Our workflow consists of two jobs: creating the Docker image and deploying it. It’s triggered every time we push new code to the branch.

Let’s take a closer look at the job.

Our job consists of four steps. Understanding what happens requires us to go through each step one by one.

Checking out the repository

For GitHub action to be able to access our code, we need to check out our repository. Fortunately, GitHub has an action we can use to check out the code for us.

Configuring the AWS credentials

The next step is to configure AWS credentials. This is why we had to put the and as secrets into our GitHub repository.

Please notice that I’m using above. Most AWS services are region-specific, but ECR public registry requires authentication in the region.

Logging into ECR

As soon as we have the credentials, we can log into ECR.

Building the Docker image and pushing it

The last step of this job is to build the docker image and push it to our ECR repository.

Above, we use the variable that comes from the previous step of this job. We also need to set up the correct registry alias that we can find on the page of our ECR registry in the AWS dashboard.

Deploying the new Docker image

The other job deploys the image created in the previous job.

Please notice that above we use , which is the location of my cluster. It depends on which AWS region we are using. We also add to make sure GitHub Actions wait for the previous job to be finished.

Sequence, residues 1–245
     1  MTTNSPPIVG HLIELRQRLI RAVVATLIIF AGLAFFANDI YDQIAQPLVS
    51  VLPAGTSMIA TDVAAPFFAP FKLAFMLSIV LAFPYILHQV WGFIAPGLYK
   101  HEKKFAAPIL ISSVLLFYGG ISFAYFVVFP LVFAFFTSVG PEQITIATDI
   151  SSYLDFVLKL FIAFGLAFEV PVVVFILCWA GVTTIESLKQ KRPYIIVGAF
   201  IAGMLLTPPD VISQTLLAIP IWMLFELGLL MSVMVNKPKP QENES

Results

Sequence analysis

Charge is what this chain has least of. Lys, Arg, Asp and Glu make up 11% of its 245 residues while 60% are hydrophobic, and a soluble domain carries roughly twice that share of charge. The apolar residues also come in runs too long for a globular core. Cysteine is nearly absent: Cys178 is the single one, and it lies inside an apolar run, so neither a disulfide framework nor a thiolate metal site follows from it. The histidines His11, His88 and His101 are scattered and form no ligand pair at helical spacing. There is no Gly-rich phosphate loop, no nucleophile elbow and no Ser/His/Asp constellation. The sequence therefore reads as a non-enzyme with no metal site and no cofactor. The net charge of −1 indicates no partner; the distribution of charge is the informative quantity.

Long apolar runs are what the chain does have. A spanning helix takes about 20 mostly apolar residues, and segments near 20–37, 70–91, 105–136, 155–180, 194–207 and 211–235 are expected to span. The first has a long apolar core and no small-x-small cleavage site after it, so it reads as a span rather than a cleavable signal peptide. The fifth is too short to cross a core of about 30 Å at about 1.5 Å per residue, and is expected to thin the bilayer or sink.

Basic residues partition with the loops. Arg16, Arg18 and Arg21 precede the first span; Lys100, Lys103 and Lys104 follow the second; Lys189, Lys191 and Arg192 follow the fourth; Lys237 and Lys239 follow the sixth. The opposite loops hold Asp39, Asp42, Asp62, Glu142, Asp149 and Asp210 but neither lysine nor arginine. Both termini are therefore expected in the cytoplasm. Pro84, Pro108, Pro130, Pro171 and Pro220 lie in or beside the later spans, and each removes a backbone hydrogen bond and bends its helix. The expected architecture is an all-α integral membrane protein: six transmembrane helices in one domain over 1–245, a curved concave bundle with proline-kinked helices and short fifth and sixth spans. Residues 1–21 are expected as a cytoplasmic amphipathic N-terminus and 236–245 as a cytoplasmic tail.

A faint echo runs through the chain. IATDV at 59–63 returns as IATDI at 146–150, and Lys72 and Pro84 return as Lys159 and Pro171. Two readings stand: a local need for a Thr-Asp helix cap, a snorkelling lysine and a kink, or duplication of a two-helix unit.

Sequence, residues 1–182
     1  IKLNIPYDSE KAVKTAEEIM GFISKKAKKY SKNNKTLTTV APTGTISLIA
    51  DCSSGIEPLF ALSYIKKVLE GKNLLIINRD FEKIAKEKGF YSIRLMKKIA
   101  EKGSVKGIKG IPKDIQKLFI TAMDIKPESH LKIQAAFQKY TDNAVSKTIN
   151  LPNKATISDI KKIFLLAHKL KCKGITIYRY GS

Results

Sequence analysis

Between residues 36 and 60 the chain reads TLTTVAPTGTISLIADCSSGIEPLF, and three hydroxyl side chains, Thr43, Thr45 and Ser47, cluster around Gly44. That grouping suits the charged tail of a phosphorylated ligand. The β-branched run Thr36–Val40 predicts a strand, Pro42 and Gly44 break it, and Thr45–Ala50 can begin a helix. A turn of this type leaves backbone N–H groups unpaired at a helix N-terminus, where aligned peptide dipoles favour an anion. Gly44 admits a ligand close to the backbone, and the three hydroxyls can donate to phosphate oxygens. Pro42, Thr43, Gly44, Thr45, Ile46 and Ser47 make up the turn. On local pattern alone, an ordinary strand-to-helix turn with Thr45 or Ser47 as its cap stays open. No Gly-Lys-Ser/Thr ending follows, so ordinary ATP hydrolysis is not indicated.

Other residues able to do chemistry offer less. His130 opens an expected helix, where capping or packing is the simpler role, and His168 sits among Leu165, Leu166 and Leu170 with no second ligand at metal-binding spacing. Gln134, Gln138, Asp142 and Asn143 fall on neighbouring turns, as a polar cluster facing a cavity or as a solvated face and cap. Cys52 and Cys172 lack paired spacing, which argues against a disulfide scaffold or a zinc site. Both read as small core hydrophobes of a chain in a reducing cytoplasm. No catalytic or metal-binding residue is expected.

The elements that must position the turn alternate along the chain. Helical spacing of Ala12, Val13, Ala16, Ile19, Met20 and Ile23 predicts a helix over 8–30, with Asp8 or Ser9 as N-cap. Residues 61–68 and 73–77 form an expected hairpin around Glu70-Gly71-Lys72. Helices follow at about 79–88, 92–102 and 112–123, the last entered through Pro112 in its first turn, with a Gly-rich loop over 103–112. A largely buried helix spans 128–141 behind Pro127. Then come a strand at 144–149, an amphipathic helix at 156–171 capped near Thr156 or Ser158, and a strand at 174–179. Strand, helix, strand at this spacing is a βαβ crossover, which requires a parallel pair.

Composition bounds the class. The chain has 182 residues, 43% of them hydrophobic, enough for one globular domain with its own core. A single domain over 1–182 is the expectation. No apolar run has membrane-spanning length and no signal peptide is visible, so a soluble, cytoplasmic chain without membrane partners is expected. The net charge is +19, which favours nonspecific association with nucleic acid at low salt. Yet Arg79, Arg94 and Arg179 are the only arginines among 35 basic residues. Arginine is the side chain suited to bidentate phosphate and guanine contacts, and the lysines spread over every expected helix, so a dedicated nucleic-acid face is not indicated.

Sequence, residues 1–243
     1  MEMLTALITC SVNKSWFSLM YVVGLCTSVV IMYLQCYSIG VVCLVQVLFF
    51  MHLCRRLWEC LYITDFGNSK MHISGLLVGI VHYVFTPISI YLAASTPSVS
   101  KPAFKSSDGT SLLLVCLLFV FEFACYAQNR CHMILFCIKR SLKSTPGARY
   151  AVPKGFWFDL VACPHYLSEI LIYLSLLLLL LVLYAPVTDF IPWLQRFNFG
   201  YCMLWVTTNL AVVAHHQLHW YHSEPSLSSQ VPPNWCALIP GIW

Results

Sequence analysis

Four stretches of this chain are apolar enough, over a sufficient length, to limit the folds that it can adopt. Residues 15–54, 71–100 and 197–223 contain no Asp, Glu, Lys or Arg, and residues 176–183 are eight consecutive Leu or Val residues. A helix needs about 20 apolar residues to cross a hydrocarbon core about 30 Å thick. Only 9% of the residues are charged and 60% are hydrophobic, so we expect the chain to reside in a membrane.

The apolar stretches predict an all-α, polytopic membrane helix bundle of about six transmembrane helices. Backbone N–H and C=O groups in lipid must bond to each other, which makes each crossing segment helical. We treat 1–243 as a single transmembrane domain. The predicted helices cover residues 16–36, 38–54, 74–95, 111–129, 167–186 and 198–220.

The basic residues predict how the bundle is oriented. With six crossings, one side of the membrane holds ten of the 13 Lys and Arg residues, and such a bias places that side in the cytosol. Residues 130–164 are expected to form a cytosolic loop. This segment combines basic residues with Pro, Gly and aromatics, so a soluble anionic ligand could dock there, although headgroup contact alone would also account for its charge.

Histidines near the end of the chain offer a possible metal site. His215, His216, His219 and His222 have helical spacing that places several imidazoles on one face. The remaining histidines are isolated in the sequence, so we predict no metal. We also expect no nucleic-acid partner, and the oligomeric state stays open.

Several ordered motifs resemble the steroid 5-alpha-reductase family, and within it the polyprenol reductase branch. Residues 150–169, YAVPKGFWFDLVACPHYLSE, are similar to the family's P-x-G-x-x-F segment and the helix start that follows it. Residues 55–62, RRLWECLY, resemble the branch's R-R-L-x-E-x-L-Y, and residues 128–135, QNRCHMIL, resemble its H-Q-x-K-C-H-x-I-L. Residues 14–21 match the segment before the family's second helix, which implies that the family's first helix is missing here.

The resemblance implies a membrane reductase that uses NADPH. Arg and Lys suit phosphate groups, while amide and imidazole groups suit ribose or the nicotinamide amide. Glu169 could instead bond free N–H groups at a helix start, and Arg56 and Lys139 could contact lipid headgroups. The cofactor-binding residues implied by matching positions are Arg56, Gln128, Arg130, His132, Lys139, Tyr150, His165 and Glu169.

The most crucial part of the above code is using the to update the existing ECS service we’ve defined in one of the previous parts of this series. Please make sure to provide the correct details:

  • the name of your cluster with the argument,
  • name of your service using ,
  • the proper task definition with the argument.

We also use the flag to force a new deployment even when the service definition didn’t change. Thanks to the above, we deploy a new version of our service that uses the latest Docker image from our ECR repository.

This is the full content of our  file:


As soon as we push the above file to the  branch, we can go to the Actions page in our repository to inspect the logs of our workflow.

Doing that spawns a new task in our cluster that deploys our NestJS application. As soon as the task finishes, the latest version of our code is up.


In this article, we’ve learned how to use GitHub Actions with AWS ECS to set up a CI/CD pipeline. Whenever we push new changes to the branch, GitHub Actions creates a new Docker image and redeploys our ECS service. There is still more to learn when it comes to setting up CI/CD with GitHub Actions, so stay tuned!

Series Navigation<< API with NestJS #94. Deploying multiple instances on AWS with a load balancerAPI with NestJS #96. Running unit tests with CI/CD and GitHub Actions >>
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1 month ago

Greetings, Thank you for this post. How can I keep only one fixed public IP. Since every time a new task is created, a new IP is assigned to it.

Thank you…